Split brain is a term used to refer to someone who has had the corpus callosum (a white fiber tract connecting the two sides of the brain, discussed in the last post) severed. Therefore, the two sides of the brain cannot communicate with each other. The reason that this would be done is usually in very severe cases of epilepsy. Seizures are caused by brain activity synchronizing at extremely high levels. Therefore, you can prevent seizures by preventing the whole brain from being able to synchronize its neuronal activity.
Split brain patients act entirely normally during normal life. It is only when doing tasks, such as those that only use one side’s visual field, that you can notice abnormal behavior. The left side of the brain contains all of the language centers. Therefore, whatever is in the left visual field (above: “RING”) can be spoken aloud. The right side of the brain is more abstract- relating to more “artistic” things- like spatial reasoning. Therefore, whatever can be seen in the right visual field (above: “KEY”) can be drawn or picked out, but it cannot be verbalized. This becomes extra cool when you ask the patient, “Why did you pick up the key?” In asking verbally, you are talking to the left side of their brain, which did not see the word KEY (They will say they only saw the word RING). Instead, they will come up with some logical reason (For instance, they might say something like “Oh, I was thinking about when I get to go home- I’ll need to grab my keys.” or “I liked the texture of the key.” or “I saw RING, and thought of my key ring.”). The reason depends on the person, but the mind can come up with a reasonable explanation (albeit inaccurate) for any behavior. Split brain research helped us to realize that this sort of reasoning happens in the left hemisphere.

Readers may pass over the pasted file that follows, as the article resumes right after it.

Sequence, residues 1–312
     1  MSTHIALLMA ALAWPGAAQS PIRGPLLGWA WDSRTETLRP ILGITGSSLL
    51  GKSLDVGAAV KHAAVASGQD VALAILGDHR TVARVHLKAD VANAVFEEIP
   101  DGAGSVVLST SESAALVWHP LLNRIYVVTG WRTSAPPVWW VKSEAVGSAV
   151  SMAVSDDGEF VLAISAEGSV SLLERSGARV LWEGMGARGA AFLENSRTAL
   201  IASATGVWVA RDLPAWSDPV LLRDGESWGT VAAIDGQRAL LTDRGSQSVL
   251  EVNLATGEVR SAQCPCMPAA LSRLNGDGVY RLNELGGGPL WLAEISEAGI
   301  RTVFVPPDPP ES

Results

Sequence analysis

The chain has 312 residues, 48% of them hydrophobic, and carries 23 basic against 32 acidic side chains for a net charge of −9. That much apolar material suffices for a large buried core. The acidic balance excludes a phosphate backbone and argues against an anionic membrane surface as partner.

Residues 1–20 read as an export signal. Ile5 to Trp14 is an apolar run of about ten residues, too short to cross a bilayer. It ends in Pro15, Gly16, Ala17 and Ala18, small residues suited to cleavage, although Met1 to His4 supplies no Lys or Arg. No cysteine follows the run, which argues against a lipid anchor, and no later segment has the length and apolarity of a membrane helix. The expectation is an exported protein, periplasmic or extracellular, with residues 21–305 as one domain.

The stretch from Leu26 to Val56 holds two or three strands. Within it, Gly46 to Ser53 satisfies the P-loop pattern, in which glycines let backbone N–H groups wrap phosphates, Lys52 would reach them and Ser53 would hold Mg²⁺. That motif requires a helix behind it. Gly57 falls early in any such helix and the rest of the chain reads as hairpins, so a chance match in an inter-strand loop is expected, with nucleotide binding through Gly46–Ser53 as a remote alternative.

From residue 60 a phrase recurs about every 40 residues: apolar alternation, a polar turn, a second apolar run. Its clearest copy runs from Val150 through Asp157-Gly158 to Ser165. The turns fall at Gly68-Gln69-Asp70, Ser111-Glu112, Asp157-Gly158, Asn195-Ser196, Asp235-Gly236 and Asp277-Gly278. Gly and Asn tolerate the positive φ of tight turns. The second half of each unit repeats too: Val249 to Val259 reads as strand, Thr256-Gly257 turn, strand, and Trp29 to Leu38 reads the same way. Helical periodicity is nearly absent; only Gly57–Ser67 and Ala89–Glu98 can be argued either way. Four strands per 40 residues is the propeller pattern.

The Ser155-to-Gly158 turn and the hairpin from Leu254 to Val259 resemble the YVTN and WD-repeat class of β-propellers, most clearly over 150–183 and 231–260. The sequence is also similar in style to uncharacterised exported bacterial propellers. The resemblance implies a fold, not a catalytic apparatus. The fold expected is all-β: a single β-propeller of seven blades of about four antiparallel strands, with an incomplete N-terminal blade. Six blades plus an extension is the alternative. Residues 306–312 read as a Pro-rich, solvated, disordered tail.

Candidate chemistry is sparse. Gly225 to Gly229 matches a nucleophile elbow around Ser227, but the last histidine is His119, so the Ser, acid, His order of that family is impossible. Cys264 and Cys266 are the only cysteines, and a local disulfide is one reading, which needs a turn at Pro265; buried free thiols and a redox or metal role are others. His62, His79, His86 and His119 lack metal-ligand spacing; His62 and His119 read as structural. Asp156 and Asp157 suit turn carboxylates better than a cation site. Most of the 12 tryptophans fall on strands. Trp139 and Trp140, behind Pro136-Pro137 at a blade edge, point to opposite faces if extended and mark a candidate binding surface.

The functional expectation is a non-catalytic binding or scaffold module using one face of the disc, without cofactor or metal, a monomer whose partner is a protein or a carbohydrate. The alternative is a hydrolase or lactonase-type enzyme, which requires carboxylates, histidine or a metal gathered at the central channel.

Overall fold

Additionally, the right hand (which receives input from the left brain) is terrible at drawing or spatial reasoning tasks (matching a pattern of blocks for instance) in split brain patients who don’t have the normal communication, which helped us to learn that this behavior is localized to the right hemisphere. I was lucky enough to see a talk by Gazzaniga who is one of the pioneers of split brain research a few years ago. He showed a really interesting video of a patient having to put together a set of blocks in a pattern. He had them sit on the left hand and do the task with the right. The right hand would just make a mess of the blocks. The left hand of one patient kept trying to come in and fix what the right hand was making such a mess of. Kind of like a “No, no, you’re doing it wrong- let me!” response. It was really fascinating. I’ll show more about this in my next post.